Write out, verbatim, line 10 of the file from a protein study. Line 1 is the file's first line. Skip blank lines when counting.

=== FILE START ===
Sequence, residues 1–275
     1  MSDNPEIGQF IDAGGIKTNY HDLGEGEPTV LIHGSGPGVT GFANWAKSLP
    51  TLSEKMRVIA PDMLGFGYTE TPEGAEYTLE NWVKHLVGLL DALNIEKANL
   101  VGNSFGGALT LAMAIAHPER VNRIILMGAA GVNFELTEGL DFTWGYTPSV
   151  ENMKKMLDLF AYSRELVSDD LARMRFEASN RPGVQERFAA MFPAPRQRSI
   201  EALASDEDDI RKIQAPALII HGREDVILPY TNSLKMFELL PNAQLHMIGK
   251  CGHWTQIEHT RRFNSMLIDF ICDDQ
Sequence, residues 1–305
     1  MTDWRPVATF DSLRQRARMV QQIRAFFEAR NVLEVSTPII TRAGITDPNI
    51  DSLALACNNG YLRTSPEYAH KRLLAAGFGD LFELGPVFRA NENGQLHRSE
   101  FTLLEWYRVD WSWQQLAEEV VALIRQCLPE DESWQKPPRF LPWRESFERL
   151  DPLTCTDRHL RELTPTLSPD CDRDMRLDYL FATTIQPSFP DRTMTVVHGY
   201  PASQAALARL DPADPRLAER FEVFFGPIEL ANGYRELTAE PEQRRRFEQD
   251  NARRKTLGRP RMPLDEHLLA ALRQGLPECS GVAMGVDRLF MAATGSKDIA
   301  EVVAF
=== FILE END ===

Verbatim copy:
    51  DSLALACNNG YLRTSPEYAH KRLLAAGFGD LFELGPVFRA NENGQLHRSE